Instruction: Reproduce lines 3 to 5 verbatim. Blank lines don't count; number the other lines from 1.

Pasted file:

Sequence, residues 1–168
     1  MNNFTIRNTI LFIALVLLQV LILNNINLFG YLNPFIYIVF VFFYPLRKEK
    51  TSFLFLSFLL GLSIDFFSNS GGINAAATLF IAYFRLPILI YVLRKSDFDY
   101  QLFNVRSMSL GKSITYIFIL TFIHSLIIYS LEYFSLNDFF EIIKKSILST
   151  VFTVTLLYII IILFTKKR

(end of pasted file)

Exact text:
    51  TSFLFLSFLL GLSIDFFSNS GGINAAATLF IAYFRLPILI YVLRKSDFDY
   101  QLFNVRSMSL GKSITYIFIL TFIHSLIIYS LEYFSLNDFF EIIKKSILST
   151  VFTVTLLYII IILFTKKR